Does this mean file-swappers can breathe a sigh of relief? Hilary Rosen, the head of the Recording Industry Association of America, announced Wednesday her intention to step down at the end of the year. Rosen, who has been chairman and CEO of the RIAA since 1998, has been the music industry's chief lobbyist on issues like piracy, artists' contracts, and risqué lyrics.
Rosen cited a desire to spend more time with her family -- she and partner Elizabeth Birch have 4-year-old twins -- as the reason for ending her 17-year rise through the RIAA. ''I think she just got tired of it. Look, she's caught between the big egos that run the companies and the big egos on Capitol Hill,'' one industry executive told the Hollywood Reporter.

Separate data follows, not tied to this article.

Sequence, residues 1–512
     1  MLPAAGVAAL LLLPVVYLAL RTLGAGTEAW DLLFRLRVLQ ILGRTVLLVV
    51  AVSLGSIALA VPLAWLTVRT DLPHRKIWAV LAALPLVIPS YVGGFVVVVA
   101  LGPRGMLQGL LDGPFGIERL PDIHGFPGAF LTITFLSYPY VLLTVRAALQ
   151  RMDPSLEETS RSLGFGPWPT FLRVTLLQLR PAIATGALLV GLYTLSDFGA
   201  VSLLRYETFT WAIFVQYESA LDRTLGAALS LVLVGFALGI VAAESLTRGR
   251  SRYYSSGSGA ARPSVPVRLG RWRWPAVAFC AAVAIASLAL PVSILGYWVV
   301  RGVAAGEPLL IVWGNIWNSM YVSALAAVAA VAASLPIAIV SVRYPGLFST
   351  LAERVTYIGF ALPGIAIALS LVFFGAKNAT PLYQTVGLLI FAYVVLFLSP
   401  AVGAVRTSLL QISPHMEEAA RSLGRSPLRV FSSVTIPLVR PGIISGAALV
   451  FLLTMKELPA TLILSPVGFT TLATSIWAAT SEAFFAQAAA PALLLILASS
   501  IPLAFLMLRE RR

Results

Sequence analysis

If she's tired now, it may be because she was tireless in putting the RIAA's muscle behind the legal battles against Internet file-swapping services (particularly Napster, which the RIAA helped shut down) and in lobbying legislators against efforts by recording artists like Courtney Love and Don Henley to change laws governing what they saw as unduly burdensome record contracts. In doing so, she raised the profile of the RIAA (and earned herself a frequent place on Entertainment Weekly's annual Power List of the 101 most powerful people in entertainment, rising to No. 65 last year). It's not clear who will replace her, but the RIAA is showing no sign of relaxing its guard. Just this week, it won a legal victory over Verizon in a case that may set a precedent requiring Internet service providers to divulge the names of customers who download unauthorized MP3s.